A trust is a powerful estate planning tool that protects your legacy by creating a virtual forcefield around your assets. As the Grantor, you can place assets into a trust to be held by a trustee on behalf of a beneficiary.

A proper trust will help your loved ones avoid probate and eliminate estate taxes.

Our Atlanta trust lawyers at Edwards Family Law can help you preserve your legacy by establishing a trust that works for you.

Contact us today to discuss your options.

Types of Trusts

There are four main categories of trusts that can be added to your estate plan: living trusts, testamentary trusts, revocable, and irrevocable trusts.

Here are the definitions of these trusts and how they can benefit your estate.

Living Trusts Vs. Testamentary Trusts

As the name suggests, a living trust is created while you are alive. On the other hand, a testamentary trust is set up after you have passed away according to your last will and testament.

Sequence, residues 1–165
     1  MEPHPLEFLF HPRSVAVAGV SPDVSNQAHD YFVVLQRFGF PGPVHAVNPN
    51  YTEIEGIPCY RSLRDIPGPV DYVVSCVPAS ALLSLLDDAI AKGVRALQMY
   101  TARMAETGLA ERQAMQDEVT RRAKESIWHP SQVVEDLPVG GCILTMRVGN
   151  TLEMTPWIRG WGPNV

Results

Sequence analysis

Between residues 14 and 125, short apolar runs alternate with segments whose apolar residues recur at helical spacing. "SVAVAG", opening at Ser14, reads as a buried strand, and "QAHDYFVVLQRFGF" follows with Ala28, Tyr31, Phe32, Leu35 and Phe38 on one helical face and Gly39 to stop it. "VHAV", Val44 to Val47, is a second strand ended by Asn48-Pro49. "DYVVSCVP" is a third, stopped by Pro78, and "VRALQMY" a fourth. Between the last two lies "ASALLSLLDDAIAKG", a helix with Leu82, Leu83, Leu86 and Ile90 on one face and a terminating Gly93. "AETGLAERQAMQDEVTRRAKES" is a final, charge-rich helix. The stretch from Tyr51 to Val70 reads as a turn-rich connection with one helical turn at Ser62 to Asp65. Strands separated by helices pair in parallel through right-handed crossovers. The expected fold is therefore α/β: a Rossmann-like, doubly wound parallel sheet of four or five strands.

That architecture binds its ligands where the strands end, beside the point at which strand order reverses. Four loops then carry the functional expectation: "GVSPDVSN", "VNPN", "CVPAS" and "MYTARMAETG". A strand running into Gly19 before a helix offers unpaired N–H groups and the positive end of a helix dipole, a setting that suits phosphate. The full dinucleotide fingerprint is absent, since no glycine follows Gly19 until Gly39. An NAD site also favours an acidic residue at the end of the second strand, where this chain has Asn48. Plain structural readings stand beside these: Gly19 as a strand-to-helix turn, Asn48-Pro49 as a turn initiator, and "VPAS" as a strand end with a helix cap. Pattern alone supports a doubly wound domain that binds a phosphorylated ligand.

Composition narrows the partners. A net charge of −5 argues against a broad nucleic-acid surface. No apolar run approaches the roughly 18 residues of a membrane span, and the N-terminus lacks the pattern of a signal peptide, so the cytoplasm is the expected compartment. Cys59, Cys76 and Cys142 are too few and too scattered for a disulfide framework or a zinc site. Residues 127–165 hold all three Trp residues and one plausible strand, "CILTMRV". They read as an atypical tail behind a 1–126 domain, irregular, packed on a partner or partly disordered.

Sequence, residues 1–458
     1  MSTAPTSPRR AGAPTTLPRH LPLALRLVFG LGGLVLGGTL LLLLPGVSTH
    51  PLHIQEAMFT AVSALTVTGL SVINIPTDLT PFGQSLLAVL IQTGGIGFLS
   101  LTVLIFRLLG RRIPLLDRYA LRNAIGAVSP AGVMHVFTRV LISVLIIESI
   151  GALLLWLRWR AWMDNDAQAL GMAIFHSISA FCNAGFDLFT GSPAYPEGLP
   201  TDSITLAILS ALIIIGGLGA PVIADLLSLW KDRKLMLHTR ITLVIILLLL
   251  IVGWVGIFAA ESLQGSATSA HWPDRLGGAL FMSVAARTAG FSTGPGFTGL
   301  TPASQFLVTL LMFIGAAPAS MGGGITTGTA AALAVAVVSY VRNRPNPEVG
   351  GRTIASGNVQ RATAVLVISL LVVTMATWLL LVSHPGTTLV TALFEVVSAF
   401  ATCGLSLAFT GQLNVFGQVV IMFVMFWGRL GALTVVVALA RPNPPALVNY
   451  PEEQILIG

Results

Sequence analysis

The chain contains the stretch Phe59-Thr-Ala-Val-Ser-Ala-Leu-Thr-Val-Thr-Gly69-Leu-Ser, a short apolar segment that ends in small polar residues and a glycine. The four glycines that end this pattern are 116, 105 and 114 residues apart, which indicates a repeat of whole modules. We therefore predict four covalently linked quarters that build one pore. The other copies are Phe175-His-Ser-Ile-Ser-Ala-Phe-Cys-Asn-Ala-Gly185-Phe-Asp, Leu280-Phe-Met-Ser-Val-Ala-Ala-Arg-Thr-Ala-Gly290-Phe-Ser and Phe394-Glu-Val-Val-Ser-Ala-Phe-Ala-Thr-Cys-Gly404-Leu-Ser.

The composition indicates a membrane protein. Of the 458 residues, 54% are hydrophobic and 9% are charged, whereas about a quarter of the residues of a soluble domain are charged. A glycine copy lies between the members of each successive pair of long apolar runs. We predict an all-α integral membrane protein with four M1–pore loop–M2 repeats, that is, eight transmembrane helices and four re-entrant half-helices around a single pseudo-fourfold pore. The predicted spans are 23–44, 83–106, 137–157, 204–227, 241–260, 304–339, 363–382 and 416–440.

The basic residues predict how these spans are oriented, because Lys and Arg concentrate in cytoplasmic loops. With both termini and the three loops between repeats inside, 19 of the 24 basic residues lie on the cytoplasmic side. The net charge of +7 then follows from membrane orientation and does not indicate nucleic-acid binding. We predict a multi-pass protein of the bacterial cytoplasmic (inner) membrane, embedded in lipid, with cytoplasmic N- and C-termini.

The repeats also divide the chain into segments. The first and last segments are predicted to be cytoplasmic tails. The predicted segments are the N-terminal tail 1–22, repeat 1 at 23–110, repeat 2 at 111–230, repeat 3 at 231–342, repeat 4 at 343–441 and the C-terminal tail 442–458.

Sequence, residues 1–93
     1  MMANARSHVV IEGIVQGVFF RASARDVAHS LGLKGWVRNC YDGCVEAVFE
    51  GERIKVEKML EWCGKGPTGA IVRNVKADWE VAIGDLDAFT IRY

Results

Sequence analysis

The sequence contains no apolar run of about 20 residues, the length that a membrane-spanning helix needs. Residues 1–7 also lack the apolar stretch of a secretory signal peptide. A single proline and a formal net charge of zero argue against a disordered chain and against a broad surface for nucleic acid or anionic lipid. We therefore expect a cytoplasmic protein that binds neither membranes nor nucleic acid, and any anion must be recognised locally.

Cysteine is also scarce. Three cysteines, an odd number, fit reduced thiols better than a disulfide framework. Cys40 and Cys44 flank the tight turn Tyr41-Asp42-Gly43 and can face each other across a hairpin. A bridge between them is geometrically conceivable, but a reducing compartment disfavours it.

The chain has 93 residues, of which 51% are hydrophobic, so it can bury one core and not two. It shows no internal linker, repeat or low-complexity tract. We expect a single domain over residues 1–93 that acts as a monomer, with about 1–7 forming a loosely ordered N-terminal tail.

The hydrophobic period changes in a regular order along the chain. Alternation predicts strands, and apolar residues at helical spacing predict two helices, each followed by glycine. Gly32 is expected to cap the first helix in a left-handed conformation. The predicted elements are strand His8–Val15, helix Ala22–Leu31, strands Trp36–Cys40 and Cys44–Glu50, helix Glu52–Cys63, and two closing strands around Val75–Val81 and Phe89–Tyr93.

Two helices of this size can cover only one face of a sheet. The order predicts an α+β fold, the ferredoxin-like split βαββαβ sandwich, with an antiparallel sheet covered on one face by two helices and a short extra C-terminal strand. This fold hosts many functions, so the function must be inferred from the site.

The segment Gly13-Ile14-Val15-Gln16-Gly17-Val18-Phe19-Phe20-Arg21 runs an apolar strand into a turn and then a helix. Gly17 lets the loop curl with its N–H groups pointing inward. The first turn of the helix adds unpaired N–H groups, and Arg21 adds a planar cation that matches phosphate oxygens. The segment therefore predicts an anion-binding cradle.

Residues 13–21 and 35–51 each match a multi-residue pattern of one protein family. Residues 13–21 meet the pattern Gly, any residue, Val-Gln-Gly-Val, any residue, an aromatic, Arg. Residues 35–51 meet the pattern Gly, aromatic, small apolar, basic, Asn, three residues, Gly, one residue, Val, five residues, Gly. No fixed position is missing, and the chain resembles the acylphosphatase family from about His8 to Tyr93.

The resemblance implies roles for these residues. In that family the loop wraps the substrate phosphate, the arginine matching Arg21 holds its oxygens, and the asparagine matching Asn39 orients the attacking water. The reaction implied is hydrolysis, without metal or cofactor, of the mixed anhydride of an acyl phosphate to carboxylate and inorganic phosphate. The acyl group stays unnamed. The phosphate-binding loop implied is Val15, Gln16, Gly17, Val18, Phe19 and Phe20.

Revocable Vs. Irrevocable Trusts

A revocable trust is a living trust you can alter during your lifetime. Its primary purpose is bypassing probate, making asset transfer more efficient upon death.

An irrevocable trust can not be altered once created. This type of trust allows you to transfer assets out of your taxable estate, making income from the estate no longer taxable to you or the estate.

Many subcategories of trust documents may benefit your plan, such as charitable trusts, credit shelter trusts, or special needs trusts. Your plan will be specific to your needs. Our attorneys can meet with you to discuss your goals to help create a plan that works for you.

How a Trust Benefits Your Estate Plan